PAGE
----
We ought not to approach a subject like this lightly. However greatly men may differ from one another in matters of religion, and however strongly they may speak—and sometime they must so speak—in reference to such subjects, we should at least discuss them in a spirit of reverence; for even people who are in great error, often are profoundly sincere, and to make light of matters which others hold to be true, even though they hold them in error, is only to offend, and can accomplish no good.

The Roman Catholic Church is the largest body in the world bearing the Christian name. That, in itself, is enough to challenge attention, and to merit careful examination. The Roman Catholic Church does not apologize for its existence; it never compromises Its position; but boldly declares its own convictions as to its mission; and endeavors to convert others to an acceptance of its teaching. With that attitude I am In full accord. A man ought not to be ashamed of that which he professes to believe. If we believe we have the truth, we should hold it fast without apology or compromise. We should "buy the truth, and sell it not." No one need be ashamed of believing the truth. Truth is never hurt by discussion. "He that doeth truth cometh to the light, that his deeds may be manifest, that they are wrought in God."

Why The Roman Church Calls Itself "Catholic"


The Roman Catholic Church does not call itself one of many churches. It claims to be the one and only holy apostolic church. It calls itself the Holy Catholic Apostolic and Roman Church. It calls itself "Catholic" in the sense that it claims to be the whole and only church, having universal sovereignty over the souls of men. It goes so far as to say positively that there is no salvation outside of the Roman Catholic Church; and that submission to the Roman Pontiff is absolutely indispensable to salvation. Whether its position call he justified or not, a church that so boldly makes such extraordinary claims for itself, should certainly be examined, and studied carefully.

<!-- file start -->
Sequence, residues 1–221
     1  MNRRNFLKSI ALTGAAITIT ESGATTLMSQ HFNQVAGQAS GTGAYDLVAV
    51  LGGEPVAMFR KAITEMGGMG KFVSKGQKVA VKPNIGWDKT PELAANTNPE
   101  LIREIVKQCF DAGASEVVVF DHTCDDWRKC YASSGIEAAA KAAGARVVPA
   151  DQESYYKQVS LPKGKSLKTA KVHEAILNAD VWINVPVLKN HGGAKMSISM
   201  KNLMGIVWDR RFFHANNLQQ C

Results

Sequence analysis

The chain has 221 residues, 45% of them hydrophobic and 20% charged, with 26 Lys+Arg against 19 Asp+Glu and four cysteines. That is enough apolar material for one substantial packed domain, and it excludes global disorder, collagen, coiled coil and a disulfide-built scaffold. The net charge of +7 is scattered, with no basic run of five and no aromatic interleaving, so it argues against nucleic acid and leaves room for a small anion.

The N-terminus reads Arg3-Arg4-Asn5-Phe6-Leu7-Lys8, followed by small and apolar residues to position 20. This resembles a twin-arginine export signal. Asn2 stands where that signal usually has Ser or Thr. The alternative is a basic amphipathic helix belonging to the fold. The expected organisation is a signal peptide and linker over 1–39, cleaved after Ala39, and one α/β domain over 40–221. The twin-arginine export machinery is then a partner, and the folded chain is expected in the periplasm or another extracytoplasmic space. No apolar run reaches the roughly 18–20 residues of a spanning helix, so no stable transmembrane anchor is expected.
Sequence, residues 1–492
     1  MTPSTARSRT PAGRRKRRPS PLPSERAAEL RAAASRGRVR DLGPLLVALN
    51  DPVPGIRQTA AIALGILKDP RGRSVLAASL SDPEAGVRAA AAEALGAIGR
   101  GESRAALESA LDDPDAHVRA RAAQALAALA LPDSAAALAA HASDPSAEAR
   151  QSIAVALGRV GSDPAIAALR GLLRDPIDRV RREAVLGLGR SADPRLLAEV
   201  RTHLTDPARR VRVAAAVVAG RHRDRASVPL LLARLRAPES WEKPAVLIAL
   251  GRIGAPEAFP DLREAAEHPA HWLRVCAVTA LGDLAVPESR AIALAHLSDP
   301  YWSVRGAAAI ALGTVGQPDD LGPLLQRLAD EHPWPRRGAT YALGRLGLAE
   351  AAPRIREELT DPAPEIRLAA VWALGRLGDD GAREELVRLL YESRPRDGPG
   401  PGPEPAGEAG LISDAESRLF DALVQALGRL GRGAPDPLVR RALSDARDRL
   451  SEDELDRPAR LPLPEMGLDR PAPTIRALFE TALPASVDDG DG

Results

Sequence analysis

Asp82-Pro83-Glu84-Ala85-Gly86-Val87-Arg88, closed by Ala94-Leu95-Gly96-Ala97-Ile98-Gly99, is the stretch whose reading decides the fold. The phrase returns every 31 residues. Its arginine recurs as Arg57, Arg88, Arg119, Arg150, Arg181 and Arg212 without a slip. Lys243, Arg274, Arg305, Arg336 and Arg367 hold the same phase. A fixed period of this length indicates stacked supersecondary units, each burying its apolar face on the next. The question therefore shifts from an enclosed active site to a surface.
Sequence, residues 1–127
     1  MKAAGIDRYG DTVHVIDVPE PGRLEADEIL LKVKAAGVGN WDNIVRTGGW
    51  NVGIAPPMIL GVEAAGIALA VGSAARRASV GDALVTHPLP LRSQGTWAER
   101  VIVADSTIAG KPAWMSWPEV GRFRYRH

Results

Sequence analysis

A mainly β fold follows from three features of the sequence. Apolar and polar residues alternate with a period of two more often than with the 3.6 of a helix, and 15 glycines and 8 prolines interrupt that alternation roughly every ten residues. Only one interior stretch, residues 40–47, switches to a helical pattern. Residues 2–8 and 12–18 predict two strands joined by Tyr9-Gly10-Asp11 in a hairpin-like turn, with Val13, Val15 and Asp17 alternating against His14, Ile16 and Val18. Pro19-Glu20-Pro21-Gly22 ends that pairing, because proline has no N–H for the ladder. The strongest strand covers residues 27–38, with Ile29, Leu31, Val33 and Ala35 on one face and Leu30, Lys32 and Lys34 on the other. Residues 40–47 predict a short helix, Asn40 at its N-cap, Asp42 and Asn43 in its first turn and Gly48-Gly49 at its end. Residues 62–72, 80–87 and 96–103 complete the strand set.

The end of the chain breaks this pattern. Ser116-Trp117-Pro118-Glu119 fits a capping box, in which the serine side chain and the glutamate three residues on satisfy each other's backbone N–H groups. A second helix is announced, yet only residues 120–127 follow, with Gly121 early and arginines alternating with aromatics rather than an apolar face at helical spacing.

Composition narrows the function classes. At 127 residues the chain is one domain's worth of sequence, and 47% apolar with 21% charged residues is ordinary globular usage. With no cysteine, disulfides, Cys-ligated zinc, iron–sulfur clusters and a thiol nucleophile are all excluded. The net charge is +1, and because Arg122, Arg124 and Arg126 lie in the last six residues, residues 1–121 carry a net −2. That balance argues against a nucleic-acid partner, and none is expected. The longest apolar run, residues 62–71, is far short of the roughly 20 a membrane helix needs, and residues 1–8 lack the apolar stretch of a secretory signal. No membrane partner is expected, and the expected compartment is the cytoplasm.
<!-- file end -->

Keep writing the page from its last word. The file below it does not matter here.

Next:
Nor can our Roman Catholic friends—I would suggest to you that it is never appropriate to speak of the Roman Catholic Church as a "Catholic" church without the qualifying adjective "Roman"—making such claims, reasonably object to anyone’s investigating as fully as may be possible the validity of that church’s contention. It is never profitable to discuss any religious subject merely for the sake of disproving it. It is well always, if you would under-stand a subject, having divested your mind so far as is possible of all preconceptions, to come to a study of it with an open mind, and without prejudice. That is a difficult task. Sometimes we think we are without prejudice when really we come with a very settled attitude were we able to discern it.

Every Doctrine Must Be Tested by The Word of God


There is a way to study all such matters, and that is in the light of Holy Scripture. Every religion should be tested by the standards of the Word of God. It is possible to discuss many things that are unscriptural, in such a way, and in such a spirit, as to do ourselves and others more harm than good. I believe, for the Christian, it is never wise to consider any such subject apart from the light of Scripture itself. It is impossible to bring any disputed subject to the touchstone of the Word of God without deriving profit therefrom: one either learns the subject under consideration to be untrue, or finding it to be scripturally established, one is confirmed in belief of it.